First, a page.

CONCERNS about coronavirus and gaps in biosecurity processes were raised back in January it can be revealed.

The issue hit the headlines when travellers from the cruise ship Ruby Princess were allowed to disembark in Sydney despite cases of coronavirus on board the ship subsequently being discovered.

This led to confusion and anger over whether NSW Health or the Australian Border Force were responsible for handling the situation.

On January 29 this year, Maritime Union Sydney branch assistant secretary Paul Garrett emailed Port Authority New South Wales raising his concerns.


“It is also clear that there is a gaping hole in Australia’s biosecurity network due to the failure to implement adequate checks for coronavirus infections on vessels arriving at Australian ports,” Mr Garrett wrote.

“The requirement for merchant ships to ‘self-declare’ via the pre-arrival report is woefully inadequate when dealing with potential of biosecurity risks.

“Any accurate diagnosis of a virus like the coronavirus is left to medically untrained seafarers as well as ships’ masters who simply would not be familiar with the symptoms and diagnosis of coronavirus as part of their Medical First Aid on board Ship Certificate.”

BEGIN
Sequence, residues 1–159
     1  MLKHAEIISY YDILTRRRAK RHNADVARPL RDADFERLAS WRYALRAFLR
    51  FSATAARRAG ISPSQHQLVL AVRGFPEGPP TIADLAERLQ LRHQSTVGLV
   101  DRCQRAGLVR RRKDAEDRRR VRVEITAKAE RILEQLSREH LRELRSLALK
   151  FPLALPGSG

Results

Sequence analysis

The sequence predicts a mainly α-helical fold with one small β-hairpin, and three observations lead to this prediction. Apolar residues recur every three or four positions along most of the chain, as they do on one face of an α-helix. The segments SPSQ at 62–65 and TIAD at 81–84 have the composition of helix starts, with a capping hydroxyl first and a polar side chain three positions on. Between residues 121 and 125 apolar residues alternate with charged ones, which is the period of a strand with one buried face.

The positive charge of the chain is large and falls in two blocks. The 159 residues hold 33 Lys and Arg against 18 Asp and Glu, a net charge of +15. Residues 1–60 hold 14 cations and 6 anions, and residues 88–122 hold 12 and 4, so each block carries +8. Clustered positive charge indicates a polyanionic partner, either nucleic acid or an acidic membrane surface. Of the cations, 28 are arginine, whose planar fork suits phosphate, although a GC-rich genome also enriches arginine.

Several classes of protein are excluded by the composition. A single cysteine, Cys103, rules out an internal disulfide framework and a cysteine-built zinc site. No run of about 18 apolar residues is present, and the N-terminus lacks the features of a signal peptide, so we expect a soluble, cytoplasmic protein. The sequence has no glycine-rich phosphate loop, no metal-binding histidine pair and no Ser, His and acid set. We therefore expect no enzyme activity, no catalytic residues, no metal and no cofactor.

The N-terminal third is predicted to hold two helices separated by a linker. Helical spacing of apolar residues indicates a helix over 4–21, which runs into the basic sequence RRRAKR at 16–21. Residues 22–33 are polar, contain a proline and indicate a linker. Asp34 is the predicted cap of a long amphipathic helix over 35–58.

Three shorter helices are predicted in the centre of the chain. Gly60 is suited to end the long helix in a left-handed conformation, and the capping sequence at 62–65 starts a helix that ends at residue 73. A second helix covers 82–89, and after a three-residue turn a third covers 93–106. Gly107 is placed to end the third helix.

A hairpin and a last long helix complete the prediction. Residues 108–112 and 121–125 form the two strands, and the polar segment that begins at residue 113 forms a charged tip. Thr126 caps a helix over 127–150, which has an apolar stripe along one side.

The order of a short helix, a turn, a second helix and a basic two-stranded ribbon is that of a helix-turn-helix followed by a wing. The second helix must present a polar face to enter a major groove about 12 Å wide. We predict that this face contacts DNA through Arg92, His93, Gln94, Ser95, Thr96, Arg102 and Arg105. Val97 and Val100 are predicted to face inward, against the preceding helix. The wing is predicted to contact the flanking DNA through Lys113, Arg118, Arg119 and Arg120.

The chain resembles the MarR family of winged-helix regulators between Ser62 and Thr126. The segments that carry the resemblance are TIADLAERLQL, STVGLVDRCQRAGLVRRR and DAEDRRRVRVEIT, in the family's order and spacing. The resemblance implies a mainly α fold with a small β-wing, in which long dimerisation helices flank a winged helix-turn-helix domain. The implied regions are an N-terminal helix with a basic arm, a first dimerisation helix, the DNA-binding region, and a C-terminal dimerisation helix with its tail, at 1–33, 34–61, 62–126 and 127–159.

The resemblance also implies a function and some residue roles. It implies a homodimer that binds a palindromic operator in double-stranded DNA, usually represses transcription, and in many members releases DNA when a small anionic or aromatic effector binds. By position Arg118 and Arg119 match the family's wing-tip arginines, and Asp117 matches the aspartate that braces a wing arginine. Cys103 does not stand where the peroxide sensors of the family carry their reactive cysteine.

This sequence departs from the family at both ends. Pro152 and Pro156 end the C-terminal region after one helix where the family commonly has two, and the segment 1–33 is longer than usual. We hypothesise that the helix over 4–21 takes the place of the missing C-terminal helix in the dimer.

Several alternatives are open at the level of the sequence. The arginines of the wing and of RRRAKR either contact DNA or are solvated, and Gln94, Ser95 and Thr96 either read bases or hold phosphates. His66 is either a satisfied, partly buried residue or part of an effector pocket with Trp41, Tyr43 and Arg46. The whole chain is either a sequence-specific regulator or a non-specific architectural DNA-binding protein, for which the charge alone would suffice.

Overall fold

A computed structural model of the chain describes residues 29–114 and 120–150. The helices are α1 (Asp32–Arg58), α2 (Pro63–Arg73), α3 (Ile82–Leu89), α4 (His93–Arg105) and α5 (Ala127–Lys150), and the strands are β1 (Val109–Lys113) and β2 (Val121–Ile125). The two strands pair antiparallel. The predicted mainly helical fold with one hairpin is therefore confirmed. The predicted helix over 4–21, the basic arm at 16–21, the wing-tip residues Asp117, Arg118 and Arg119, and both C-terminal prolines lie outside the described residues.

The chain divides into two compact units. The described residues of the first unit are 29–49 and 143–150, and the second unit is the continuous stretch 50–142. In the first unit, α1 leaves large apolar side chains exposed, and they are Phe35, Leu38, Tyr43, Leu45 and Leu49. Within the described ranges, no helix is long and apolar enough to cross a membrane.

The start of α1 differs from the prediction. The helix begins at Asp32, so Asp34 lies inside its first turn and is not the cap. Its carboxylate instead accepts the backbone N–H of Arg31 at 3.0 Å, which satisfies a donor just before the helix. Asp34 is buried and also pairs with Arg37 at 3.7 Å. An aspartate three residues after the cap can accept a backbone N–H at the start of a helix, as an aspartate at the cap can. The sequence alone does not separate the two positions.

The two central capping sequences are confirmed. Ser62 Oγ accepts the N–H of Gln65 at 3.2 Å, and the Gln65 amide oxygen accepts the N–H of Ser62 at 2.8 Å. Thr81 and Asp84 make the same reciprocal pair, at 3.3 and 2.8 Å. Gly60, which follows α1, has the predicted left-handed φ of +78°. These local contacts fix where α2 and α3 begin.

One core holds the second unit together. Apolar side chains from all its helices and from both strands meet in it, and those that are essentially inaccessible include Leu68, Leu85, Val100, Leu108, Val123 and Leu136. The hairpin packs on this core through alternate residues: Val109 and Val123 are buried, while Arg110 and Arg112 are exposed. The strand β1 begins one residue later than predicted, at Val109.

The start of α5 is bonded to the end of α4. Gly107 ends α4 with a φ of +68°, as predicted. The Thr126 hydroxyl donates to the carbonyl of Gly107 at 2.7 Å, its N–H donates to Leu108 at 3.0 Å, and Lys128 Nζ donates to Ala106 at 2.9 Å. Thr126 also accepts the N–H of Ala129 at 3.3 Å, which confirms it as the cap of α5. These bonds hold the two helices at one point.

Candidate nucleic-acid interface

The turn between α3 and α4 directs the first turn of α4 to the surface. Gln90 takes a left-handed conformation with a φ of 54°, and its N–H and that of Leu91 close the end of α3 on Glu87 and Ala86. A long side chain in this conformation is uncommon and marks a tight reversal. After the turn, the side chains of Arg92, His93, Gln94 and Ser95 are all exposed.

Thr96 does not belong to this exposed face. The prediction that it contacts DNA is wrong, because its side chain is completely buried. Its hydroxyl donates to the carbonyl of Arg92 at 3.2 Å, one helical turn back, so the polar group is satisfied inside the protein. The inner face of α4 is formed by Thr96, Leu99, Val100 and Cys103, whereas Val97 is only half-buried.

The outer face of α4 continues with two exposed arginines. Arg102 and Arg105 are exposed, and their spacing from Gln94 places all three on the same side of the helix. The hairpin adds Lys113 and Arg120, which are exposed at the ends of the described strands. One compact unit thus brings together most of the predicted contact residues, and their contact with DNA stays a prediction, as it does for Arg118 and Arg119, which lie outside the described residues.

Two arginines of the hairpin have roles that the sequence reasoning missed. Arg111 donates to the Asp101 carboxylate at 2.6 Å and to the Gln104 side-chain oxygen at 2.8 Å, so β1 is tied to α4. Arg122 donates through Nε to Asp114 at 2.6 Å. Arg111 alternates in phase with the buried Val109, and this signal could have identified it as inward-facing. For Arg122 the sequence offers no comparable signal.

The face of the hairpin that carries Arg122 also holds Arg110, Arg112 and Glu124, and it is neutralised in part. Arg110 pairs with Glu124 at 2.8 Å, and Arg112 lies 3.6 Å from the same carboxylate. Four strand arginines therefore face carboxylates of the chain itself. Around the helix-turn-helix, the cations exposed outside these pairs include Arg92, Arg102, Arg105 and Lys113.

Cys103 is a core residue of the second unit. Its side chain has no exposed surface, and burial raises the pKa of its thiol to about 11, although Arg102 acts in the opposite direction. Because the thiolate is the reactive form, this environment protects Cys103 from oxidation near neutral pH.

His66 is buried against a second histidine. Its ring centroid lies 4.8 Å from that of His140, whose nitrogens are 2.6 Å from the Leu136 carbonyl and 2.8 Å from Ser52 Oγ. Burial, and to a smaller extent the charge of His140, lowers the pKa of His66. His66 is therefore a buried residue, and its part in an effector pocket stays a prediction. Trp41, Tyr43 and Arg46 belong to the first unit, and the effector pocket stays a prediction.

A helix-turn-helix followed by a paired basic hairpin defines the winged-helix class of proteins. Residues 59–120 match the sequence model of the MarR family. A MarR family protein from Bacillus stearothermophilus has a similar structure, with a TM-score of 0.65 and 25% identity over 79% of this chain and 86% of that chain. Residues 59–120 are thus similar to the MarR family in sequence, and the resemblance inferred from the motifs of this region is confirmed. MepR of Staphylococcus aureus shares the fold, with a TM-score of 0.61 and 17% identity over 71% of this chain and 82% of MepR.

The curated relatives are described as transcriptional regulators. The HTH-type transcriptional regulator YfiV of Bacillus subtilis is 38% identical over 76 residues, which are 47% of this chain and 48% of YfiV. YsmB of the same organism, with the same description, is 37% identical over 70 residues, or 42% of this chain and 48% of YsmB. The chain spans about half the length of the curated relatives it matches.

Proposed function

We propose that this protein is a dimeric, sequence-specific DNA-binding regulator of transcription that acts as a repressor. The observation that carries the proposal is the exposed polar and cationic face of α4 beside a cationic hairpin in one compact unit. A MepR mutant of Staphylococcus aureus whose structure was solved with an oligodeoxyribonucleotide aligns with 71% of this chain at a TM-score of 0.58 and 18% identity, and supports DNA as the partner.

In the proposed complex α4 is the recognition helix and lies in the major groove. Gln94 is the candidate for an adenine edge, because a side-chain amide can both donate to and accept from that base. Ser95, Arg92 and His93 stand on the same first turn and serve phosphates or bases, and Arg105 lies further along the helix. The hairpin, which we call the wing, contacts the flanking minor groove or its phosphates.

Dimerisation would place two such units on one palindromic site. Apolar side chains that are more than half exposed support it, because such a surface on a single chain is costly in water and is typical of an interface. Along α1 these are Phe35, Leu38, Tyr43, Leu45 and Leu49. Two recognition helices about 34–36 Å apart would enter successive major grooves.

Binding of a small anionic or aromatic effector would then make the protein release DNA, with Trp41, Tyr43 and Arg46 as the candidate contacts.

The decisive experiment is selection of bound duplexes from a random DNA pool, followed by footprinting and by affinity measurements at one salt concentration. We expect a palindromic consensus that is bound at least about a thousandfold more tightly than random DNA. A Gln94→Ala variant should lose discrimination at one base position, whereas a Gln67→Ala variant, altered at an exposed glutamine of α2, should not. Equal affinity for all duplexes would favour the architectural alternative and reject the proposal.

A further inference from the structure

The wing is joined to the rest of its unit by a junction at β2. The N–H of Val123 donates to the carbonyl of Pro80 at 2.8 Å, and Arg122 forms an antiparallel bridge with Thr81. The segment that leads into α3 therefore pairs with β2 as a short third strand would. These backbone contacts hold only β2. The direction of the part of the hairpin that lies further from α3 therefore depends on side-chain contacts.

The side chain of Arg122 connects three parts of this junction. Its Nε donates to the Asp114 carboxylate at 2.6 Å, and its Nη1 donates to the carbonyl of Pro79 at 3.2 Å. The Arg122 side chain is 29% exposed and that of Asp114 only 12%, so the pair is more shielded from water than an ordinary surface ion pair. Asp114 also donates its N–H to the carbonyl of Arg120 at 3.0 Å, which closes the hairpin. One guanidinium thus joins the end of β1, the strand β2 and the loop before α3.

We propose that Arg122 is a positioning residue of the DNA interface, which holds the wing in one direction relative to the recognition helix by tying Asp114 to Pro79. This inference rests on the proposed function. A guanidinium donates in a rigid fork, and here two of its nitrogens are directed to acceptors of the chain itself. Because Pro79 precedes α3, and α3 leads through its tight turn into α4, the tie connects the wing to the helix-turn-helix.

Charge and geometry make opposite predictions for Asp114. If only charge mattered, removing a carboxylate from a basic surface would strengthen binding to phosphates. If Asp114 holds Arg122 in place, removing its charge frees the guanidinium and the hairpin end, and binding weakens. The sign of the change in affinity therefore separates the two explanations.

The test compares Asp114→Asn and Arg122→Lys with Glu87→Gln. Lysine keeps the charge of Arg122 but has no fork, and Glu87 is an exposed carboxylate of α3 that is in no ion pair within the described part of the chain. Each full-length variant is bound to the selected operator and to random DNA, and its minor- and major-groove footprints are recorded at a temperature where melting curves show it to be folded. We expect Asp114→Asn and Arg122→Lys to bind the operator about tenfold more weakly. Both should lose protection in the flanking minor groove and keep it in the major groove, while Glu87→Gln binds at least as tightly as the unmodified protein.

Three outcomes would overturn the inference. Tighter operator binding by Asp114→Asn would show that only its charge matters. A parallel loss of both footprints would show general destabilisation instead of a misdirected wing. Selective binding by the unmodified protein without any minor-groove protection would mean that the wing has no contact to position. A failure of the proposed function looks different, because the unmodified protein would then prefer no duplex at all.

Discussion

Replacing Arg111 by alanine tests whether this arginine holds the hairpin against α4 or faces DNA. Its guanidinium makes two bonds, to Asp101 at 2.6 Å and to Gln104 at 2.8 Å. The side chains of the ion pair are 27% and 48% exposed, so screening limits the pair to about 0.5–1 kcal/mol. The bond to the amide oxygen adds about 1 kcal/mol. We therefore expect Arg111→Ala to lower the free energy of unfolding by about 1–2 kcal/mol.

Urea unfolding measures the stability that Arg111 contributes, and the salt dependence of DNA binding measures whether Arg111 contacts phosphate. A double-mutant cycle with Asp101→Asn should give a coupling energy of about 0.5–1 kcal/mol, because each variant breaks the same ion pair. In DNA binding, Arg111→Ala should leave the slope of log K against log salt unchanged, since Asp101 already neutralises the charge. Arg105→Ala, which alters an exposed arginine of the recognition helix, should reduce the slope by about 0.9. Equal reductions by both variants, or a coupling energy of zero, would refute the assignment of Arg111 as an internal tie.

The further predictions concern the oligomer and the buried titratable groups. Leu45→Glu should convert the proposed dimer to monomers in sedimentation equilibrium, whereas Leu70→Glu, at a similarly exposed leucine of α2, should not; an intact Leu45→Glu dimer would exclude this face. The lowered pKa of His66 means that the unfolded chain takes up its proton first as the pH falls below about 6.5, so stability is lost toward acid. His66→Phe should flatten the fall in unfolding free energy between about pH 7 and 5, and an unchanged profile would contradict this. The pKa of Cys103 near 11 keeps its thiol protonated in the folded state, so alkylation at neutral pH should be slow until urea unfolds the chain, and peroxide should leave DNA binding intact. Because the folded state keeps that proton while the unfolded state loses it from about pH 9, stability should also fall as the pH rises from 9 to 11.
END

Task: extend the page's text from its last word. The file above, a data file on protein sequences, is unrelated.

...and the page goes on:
It should be noted that the Ruby Princess saga did not involve PANSW.

Mr Garrett also noted the risk for people working on the waterfront who were interacting with ships crews several times a day.

“The biggest issue being that Australian Quarantine and Inspection Service (now part of the Department of Agriculture and Water Resources) are not inspecting that vessel nor adequately inspecting other vessels to give a biosecurity clearance,” he said.

“Instead there is a reliance on the self-assessment in the pre-arrival report.”

Mr Garrett wrote it was appropriate for the Port Authority of NSW to compel ships arriving into Port Jackson and Port Botany to be assessed by quarantine authorities. “Until such time as this virus is controlled, it is appropriate that proactive steps are taken to provide support to those people who work aboard the ships whilst in the port,” he wrote.